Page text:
By James Coyle
As Libyan strongman Khalifa Haftar unilaterally announced his acceptance of the Libyan presidency, Russian reaction was predictable: Kremlin spokesman Dmitry Peskov called for diplomacy.
“In Moscow, we remain convinced that the only possible resolution in Libya can be through political and diplomatic communication between all parties, above all those in conflict,” he said. Russian sources said the Libyans must implement the proposals from the January 2020 Berlin conference.
What Russia did not mention was the support Haftar is receiving from the Kremlin itself. Haftar’s primary fighters are not Libyans, but Russian mercenary soldiers from the Wagner Group, the same “non-governmental unit” that Russia deploys in Ukraine and Syria to do its ground fighting.
Neither does Russia call for all parties to accept the internationally-recognized Government of National Accord; nor does it insist that Haftar’s rebels lay down their arms.
As for the Berlin conference, Russia has indicated its time is past: Instead of a UN-sponsored peace conference, Russia’s call for diplomacy includes the statement: “Russia remains in contact with all participants in the Libyan conference.”
We have seen this before.
In Azerbaijan, Russia holds separate peace talks over the future of Nagorno Karabakh, instead of furthering the internationally mandated Minsk process.
In Georgia, Russia insisted it would provide a peacekeeping force — until it used that peacekeeping force to fight in the 2015 war. Afterwards, Russia again insisted on diplomacy while recognizing the governments of the breakaway areas of Abkhazia and South Ossetia.
In Moldova, Russia keeps troops bivouacked in Transdniestria while calling for negotiations with the central government.
In Ukraine, Vladimir Putin has issued a peace plan that calls for a peaceful end of that conflict — but Russia will not allow Kyiv to control its own borders until the Kremlin-backed rebels have their demands met.
In Syria, Russia calls on the world community to recognize the central government of Bashar al-Assad, while it actively supports groups opposed to the legitimate governments of Azerbaijan, Georgia, Moldova and Ukraine.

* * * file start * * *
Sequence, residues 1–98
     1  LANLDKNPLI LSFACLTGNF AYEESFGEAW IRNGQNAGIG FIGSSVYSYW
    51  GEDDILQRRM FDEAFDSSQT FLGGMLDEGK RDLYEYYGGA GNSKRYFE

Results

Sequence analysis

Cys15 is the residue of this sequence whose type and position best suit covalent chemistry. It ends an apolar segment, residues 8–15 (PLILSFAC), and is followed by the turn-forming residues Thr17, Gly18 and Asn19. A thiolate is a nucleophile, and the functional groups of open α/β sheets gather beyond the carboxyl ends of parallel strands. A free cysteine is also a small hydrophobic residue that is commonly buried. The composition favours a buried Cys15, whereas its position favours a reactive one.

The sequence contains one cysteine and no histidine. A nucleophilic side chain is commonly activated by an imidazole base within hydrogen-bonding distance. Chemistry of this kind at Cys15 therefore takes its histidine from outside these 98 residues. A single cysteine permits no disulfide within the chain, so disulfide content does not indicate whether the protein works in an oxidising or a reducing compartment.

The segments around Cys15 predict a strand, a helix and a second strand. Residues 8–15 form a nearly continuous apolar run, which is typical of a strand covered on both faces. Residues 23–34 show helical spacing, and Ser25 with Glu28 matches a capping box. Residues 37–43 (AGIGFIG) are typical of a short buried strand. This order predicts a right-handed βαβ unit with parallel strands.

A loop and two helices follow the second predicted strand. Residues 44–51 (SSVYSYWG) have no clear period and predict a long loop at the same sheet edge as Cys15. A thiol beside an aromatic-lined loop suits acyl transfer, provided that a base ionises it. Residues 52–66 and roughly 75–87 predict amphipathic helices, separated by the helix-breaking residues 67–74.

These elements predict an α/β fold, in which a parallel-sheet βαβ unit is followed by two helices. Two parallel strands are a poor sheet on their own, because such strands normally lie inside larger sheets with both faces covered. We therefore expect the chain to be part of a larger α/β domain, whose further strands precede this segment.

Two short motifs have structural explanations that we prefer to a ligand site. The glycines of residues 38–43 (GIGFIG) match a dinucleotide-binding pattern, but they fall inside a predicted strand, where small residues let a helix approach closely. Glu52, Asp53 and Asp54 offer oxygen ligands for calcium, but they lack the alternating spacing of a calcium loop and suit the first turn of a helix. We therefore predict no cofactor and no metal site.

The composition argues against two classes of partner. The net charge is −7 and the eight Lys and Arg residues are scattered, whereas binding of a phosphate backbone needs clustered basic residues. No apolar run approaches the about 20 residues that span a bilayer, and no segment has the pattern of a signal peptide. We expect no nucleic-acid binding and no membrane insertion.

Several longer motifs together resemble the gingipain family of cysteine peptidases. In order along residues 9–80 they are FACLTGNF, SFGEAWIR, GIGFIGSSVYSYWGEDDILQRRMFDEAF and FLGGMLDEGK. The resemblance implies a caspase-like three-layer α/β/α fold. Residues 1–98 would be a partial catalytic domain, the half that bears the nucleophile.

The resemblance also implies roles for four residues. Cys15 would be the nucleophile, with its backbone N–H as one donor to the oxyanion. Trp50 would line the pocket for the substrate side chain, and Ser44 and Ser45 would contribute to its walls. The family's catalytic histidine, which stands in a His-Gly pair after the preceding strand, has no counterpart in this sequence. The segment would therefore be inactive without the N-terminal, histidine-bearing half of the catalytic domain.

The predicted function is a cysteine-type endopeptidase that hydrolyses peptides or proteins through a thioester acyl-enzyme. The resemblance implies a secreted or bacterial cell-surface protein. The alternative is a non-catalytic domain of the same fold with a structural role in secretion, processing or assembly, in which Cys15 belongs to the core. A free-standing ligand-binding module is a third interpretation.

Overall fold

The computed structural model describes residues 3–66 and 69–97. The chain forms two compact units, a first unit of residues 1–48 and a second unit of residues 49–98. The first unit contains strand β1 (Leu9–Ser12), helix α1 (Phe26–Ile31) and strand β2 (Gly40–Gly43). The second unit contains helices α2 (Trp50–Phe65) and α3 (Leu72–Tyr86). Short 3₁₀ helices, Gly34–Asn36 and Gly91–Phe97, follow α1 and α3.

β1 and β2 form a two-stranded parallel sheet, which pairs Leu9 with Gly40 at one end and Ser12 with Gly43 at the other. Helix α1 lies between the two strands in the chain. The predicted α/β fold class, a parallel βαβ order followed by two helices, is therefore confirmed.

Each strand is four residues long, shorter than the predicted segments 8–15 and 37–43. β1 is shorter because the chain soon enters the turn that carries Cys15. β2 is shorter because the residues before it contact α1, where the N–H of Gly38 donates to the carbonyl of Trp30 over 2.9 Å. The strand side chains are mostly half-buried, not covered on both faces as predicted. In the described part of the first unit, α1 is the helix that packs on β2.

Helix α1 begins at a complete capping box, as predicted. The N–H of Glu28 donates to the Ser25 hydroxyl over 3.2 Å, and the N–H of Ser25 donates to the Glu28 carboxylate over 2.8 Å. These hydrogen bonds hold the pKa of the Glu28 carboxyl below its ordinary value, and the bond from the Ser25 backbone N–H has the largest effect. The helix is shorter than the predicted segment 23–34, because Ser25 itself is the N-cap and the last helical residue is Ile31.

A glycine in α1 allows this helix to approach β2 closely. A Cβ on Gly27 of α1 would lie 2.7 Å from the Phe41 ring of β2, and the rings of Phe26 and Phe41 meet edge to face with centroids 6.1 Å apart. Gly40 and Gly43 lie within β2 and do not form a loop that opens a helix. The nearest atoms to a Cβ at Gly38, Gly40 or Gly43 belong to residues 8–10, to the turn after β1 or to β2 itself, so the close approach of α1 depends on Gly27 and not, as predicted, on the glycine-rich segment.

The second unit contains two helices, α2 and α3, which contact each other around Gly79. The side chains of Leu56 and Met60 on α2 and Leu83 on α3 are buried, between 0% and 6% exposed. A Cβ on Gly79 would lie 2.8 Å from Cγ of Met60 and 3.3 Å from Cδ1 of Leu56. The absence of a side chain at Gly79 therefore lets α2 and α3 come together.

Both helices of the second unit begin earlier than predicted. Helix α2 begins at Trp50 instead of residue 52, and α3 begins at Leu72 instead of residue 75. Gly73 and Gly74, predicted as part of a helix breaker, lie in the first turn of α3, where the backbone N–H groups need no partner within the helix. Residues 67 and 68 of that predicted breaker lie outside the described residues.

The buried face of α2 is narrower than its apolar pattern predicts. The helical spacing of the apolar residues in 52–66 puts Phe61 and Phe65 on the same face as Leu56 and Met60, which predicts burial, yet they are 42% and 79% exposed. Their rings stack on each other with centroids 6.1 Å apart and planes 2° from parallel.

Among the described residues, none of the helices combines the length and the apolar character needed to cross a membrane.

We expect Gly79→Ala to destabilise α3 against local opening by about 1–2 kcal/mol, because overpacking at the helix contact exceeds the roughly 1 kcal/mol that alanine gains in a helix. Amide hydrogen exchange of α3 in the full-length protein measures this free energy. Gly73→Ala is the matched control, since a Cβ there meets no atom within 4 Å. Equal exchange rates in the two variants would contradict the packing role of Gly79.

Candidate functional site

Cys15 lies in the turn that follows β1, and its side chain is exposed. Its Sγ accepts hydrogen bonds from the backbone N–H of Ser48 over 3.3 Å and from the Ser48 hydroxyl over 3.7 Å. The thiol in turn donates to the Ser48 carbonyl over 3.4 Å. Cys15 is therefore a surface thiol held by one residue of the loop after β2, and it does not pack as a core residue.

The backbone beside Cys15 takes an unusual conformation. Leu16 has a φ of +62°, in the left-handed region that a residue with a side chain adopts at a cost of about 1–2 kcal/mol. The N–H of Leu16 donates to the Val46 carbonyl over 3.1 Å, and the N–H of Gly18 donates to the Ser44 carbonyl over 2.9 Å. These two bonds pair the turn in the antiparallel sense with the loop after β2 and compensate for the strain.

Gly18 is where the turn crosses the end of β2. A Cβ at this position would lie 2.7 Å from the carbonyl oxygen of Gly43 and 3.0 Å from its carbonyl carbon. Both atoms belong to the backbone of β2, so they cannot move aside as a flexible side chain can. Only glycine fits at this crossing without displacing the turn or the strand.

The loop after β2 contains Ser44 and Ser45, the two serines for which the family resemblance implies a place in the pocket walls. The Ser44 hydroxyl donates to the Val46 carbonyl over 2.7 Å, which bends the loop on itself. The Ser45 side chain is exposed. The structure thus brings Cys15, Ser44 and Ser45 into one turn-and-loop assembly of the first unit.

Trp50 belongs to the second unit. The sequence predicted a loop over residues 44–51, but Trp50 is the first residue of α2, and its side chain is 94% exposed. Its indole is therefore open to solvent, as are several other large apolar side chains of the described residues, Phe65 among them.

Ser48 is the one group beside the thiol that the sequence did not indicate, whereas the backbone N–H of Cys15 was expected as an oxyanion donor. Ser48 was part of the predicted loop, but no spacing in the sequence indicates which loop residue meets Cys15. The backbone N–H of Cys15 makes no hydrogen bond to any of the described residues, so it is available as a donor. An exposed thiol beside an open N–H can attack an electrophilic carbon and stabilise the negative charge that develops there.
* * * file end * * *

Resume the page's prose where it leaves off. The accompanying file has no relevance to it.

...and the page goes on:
Now it begins again in Libya.
Libya’s Interior Minister recently reported that Russia’s Wagner Group used a chemical nerve agent against government forces.
Washington Institute’s Anna Borshchevskaya documents a deeper Russian involvement than merely supplying mercenaries.
Haftar reportedly reached out to Moscow for support sometime around 2015.
In exchange, he promised to give Russia energy deals and port access. Putin began providing Haftar with military advice, diplomatic support at the United Nations, and even its own printed money.
In 2017 Moscow flew dozens of Haftar’s wounded soldiers to Russia for treatment.
The U.S. military believes that either Russian mercenaries or Haftar loyalists used Russian air defense systems to shoot down an American drone outside Tripoli last November.
Yet, being able to operate a Russian air defense system is a high-end skill that not many mercenaries have, and raises questions about the full extent of Russia’s presence there.
Russia has pushed the West out of the Caucasus, made an attempt to peel Turkey away from NATO, seeks to use its energy policies to make Europe dependent on its good graces.
The Caspian and Black Seas have become Russian lakes. With a major naval base in Syria, if Russia succeeds in becoming the indispensable actor in Libya, Putin will have succeeded in gaining control of the Eastern Mediterranean.
Despite the overwhelming evidence of Russia’s involvement on the rebel side, Moscow maintains correct relations with the Government of National Unity.
This gives it the veneer of being merely an interested bystander instead of an active participant in the conflict.
Russia has used the same tactic in Azerbaijan, Georgia, Moldova and Ukraine. If the West wants to maintain a presence east of Italy, it needs to take the following steps:
- Reject all claims of Russian impartiality until Russia ceases to arm and support the rebels;
- Insist that any peace conference be sponsored by the United Nations, and not by the Kremlin;
- Implement the 2011 UN mandated arms embargo on all side in the conflict; and
- Ensure that any peacekeeping force be drawn from non-aligned countries.
James J. Coyle, Ph.D., served in a number of positions in the U.S. government, including as director of Middle East Studies, U.S. Army War College. He is the author of “Russia’s Border Wars and Frozen Conflicts.”